# Analysis of fracture limit curves and void coalescence in high strength interstitial free steel sheets formed under different stress conditions

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## Abstract

Void formation, which is a statistical event, depends on inhomogeneities present in the microstructure. The analysis on void nucleation, their growth and coalescence during the fracture of high strength interstitial free steel sheets of different thicknesses is presented in this article. The analysis shows that the criterion of void coalescence depends on the d-factor, which is the ratio of relative spacing of the ligaments (δd) present between the two consecutive voids to the radius of the voids. The computation of hydrostatic stress (σ_{m}), the dominant factor in depicting the evolution of void nucleation, growth and coalescence and the dimensional analysis of three different types of voids namely oblate, prolate and spherical type, have been carried out. The ratio of the length to the width (L/W) of the oblate or prolate voids at fracture is correlated with the mechanical properties, microstructure, strains at fracture, Mohr’s circle shear strains and Triaxiality factors. The Lode angle (θ) is determined and correlated with the stress triaxiality factor (T), ratio of mean stress (σ_{m}) to effective stress (σ_{e}). In addition, the Void area fraction (*V*_{a}), which is the ratio of void area to the representative area, is determined and correlated with the strain triaxiality factor (T_{o}).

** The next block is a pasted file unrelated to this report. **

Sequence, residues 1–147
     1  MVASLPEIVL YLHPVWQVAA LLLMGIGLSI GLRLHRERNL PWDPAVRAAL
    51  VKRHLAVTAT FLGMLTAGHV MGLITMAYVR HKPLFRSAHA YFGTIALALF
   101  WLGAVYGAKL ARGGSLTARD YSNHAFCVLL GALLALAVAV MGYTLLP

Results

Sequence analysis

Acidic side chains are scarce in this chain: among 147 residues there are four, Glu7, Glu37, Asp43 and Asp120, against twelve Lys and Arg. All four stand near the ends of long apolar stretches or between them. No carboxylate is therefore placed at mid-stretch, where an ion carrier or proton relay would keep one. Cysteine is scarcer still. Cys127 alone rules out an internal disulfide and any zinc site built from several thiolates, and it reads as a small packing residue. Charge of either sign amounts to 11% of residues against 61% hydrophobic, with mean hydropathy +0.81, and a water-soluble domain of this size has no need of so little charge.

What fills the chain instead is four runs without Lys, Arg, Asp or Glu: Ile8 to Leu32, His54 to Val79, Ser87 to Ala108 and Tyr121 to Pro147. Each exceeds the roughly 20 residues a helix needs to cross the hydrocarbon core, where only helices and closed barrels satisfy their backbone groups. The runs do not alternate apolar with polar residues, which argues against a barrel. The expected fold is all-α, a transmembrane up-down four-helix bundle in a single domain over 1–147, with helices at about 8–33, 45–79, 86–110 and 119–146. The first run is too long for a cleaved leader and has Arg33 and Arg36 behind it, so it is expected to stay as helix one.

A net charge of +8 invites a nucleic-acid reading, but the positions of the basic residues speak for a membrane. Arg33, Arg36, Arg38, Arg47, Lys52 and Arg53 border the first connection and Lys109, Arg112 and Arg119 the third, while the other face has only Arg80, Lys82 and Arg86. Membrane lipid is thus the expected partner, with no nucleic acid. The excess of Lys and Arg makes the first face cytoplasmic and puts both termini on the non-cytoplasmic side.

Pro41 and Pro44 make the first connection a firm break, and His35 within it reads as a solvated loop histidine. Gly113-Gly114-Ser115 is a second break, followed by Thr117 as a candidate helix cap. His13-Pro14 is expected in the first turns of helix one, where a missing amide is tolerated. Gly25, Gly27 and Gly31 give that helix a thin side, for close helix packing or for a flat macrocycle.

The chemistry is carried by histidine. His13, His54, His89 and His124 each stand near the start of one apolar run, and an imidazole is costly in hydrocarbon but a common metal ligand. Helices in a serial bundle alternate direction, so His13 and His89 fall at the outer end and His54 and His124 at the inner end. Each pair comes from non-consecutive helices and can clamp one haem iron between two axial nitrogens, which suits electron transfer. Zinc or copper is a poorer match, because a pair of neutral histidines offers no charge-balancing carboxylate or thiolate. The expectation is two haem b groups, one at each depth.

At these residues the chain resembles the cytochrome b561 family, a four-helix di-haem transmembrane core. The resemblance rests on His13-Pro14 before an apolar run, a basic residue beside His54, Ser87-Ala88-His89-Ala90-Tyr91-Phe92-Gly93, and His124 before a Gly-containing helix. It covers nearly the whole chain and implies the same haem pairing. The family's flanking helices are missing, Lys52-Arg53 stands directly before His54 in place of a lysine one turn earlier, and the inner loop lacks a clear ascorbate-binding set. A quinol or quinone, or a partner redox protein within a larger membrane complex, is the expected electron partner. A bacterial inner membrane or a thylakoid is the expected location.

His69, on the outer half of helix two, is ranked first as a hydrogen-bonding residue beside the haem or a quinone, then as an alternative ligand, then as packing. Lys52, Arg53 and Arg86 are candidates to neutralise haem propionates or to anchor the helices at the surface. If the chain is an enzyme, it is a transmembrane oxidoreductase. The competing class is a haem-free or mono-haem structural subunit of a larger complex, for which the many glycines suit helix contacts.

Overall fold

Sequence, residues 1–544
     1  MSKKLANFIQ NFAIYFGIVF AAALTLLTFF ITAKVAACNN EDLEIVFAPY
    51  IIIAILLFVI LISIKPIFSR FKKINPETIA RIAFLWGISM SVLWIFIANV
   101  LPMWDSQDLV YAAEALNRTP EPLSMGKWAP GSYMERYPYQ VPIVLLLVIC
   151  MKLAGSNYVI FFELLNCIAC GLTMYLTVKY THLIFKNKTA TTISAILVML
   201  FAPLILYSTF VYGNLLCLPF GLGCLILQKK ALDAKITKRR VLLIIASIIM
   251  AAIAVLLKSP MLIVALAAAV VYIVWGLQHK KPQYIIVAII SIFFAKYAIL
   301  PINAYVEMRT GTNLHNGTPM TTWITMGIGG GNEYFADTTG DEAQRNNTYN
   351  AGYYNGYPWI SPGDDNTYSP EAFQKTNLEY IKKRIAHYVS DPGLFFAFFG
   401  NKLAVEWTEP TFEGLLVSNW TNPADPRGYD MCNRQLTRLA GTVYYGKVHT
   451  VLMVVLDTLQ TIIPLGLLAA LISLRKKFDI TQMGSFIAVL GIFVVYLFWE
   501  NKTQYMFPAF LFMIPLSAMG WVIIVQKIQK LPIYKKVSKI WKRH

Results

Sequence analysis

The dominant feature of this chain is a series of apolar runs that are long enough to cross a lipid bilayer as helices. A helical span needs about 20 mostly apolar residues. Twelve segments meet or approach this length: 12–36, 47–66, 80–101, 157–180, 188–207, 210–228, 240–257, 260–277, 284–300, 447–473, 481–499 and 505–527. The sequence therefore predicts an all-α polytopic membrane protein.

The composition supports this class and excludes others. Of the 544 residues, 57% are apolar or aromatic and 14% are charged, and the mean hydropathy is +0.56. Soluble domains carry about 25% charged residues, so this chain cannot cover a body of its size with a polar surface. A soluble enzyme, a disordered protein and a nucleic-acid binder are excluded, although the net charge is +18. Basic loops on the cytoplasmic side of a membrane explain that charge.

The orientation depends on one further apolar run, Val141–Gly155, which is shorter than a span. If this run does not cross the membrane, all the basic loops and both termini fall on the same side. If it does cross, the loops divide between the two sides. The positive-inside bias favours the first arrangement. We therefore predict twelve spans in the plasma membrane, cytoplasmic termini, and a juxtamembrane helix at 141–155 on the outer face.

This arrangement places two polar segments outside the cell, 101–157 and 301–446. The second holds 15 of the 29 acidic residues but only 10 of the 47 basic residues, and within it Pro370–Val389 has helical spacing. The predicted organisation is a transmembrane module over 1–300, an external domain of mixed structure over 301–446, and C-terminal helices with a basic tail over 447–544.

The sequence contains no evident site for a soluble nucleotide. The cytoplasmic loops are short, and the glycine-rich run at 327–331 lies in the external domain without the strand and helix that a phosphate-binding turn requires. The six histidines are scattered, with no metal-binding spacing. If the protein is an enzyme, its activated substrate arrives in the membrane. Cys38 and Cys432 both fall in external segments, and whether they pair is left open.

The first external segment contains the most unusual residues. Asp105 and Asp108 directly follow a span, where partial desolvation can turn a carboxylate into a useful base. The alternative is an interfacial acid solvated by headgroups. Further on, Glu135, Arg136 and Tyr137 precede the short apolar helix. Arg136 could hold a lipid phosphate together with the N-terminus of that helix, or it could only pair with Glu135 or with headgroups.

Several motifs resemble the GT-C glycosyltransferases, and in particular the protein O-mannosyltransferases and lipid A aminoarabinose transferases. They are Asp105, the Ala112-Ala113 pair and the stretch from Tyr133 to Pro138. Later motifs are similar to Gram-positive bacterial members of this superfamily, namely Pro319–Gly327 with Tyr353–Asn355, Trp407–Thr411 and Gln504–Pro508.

## Keywords

Steel Sheet Hydrostatic Stress Minor Strain Lode Angle Triaxial Stress State## Nomenclature

- ɛ
_{1} Major strain

- ɛ
_{2} Minor strain

- ɛ
_{3} Thickness strain

- ɛ
_{e} Effective strain of macroscopic equivalent strain

- ɛ
_{m} Hydrostatic or mean strain

- γ
_{12}, γ_{23}, γ_{13} Mohr’s circle shear strains (the subscripts 1, 2 & 3 represent major, minor and thickness strains)

- δd
Ligament thickness

- d-factor/ ratio
Ratio of δd to radius of void

- θ
Lode factor or lode angle

- T
Stress triaxiality factor or ratio

- T
_{0} Stress triaxiality factor or ratio

- σ
_{e} Effective stress

- σ
_{m} Mean or hydrostatic stress

*V*_{a}Void area fraction

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